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|Seth Kuranz, Ruchika Sharma and Michael Hughes|
|Decision Resources Group, USA|
|Posters & Accepted Abstracts: J Liver|
|Introduction: Hepatitis C virus (HCV) contributes substantially to the burden of disease worldwide. Modes of transmission and risk of HCV differ by geographic regions. The impact of HCV treatment on the future prevalence and incidence of HCV will vary based on rates of diagnosis and compliance. Methods: To estimate the incidence and prevalence of HCV, we systematically reviewed the literature and analyzed NHANES cycles from 2007-2014. We defined prevalent anti-body positive cases of HCV as individuals who received a positive result on an ELISA or equivalent test and, where possible, in combination with a RIBA. We defined HCV viremia as the presence of HCV RNA in the serum. We incorporated diagnosis and drug-treatment assumptions into out trend and these were applied to region-specific HCV genotype and cirrhotic distributions. The 10-year forecast incorporated demographic changes related to aging and population growth. When country-specific data were unavailable we extrapolated based on data from comparable countries. To estimate the number cases in each country, we multiplied the age- and gender-specific estimates presented in these studies by the UN population estimates for each forecast year. Results: Over the 10-year forecast, incident cases, prevalent anti-body positive cases and viremic prevalent cases decreased substantially due to reduced risk in the population and improved treatment. If rates of treatment and treatment efficacy were to remain constant over the forecast period, viremic HCV will decrease over 20% between 2017 and 2027. Assuming treatment becomes more readily available during the forecast period across all regions and that compliance remains relatively high, HCV will decrease to an even greater magnitude by 2027. Conclusion: Viremic prevalence will decrease substantially in both higher-income and lower-income countries with the later experiencing the largest decrease in prevalence over the forecast period.|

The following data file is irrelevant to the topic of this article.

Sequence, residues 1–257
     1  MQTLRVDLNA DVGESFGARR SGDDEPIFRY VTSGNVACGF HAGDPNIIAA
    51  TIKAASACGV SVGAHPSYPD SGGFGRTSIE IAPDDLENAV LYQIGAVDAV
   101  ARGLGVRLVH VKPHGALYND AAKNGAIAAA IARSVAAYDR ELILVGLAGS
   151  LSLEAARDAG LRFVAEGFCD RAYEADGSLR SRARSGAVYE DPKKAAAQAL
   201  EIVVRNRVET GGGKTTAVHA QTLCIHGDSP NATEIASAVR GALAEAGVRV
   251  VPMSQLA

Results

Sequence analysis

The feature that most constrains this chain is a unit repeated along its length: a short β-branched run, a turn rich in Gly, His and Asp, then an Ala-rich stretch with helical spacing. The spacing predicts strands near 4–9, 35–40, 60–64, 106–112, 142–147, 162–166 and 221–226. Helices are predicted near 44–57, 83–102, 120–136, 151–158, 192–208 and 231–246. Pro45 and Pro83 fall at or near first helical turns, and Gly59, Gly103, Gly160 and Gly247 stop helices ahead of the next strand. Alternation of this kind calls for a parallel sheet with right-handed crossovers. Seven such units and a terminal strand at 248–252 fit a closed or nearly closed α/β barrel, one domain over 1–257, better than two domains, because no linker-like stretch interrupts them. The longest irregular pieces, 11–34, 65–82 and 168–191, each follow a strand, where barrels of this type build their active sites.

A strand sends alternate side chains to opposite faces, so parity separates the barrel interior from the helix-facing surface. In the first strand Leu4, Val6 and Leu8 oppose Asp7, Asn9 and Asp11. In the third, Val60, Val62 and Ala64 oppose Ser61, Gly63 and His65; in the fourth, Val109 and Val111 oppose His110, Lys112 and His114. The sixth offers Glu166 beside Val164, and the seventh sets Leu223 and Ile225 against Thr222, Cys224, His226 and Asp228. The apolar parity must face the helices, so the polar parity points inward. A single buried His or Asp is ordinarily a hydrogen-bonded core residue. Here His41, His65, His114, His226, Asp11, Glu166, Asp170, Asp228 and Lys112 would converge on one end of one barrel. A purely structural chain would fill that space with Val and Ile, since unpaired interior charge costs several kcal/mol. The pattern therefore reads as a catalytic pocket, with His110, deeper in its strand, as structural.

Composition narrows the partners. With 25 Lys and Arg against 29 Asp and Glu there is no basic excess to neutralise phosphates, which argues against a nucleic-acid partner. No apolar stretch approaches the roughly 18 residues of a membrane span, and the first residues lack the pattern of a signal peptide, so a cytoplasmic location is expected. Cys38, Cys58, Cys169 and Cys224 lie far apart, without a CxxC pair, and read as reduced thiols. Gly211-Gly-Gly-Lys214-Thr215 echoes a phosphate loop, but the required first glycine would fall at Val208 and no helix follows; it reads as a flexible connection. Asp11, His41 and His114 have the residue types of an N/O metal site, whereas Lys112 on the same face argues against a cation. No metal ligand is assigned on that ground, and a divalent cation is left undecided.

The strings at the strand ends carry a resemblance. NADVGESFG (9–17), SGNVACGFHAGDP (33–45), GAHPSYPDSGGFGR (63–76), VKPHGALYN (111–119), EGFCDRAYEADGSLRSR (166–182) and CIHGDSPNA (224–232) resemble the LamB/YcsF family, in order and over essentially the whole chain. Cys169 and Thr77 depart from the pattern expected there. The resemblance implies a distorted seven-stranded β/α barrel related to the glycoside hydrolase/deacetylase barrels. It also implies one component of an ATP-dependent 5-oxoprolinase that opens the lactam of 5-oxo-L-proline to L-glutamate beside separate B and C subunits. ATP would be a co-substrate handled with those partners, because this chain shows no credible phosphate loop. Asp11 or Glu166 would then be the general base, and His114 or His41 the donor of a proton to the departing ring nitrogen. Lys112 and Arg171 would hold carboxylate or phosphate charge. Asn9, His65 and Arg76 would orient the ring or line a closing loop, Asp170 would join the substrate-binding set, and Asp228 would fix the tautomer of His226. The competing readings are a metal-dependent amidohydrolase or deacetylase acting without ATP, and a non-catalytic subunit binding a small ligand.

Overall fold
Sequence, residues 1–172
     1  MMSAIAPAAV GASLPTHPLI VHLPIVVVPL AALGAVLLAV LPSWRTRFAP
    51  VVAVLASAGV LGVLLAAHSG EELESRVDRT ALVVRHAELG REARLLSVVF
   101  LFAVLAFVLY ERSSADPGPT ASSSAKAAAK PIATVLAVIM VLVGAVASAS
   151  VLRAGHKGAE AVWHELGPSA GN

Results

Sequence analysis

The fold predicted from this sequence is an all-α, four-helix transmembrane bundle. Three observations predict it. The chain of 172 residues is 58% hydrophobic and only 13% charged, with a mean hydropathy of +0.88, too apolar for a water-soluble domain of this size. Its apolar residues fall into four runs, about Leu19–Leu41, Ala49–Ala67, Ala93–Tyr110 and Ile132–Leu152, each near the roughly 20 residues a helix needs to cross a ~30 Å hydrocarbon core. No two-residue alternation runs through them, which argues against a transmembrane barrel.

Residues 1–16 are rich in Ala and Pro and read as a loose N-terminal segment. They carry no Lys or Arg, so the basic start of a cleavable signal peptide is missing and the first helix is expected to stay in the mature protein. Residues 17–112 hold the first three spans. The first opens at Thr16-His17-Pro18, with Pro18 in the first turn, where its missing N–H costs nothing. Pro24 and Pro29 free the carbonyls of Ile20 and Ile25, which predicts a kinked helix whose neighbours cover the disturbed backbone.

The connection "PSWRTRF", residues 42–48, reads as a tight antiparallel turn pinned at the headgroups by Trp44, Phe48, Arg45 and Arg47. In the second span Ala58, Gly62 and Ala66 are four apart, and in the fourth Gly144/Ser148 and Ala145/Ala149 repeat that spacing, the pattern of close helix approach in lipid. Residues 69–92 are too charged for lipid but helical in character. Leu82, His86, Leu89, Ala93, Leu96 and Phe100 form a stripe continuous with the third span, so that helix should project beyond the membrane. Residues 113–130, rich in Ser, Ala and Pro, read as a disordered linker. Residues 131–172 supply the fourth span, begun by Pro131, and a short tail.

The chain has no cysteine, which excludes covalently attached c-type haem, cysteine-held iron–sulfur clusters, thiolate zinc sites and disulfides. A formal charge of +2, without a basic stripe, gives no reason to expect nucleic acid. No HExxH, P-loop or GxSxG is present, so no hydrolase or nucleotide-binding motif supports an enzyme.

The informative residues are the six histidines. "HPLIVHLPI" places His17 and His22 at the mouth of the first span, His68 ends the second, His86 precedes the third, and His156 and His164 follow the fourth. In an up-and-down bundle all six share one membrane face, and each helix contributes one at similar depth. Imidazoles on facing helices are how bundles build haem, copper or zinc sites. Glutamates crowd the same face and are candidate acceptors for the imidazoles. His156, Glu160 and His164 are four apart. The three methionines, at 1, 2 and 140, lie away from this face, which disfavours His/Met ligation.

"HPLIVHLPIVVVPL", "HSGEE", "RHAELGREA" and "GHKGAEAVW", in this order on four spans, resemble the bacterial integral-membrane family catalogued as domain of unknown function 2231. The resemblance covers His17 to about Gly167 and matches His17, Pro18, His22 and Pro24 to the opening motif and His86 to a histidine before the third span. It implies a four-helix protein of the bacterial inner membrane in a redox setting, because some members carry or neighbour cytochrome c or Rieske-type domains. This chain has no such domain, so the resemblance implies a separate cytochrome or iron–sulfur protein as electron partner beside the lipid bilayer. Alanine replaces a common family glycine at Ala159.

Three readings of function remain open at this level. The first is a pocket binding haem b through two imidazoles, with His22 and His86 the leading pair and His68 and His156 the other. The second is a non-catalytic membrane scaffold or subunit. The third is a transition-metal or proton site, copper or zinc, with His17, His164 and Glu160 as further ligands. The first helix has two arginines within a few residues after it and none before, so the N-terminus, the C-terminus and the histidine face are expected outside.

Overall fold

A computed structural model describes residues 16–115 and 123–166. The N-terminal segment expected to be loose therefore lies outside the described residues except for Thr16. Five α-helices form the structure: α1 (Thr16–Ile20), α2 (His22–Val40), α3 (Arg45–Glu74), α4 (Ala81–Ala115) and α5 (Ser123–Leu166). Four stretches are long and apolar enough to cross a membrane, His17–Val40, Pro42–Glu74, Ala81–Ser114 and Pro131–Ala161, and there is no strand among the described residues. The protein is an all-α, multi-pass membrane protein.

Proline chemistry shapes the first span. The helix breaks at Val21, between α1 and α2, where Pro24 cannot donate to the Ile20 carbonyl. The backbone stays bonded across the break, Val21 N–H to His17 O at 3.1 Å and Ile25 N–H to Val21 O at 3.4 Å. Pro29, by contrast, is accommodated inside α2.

Seth Kuranz is an Epidemiologist at DRG, specializing in the epidemiology of metabolic, renal and psychiatric disorders. He holds an MPH from Boston University. Prior to joining DRG, he served as the Co-ordinator of an international research project focusing on early adult development and substance abuse dependence.
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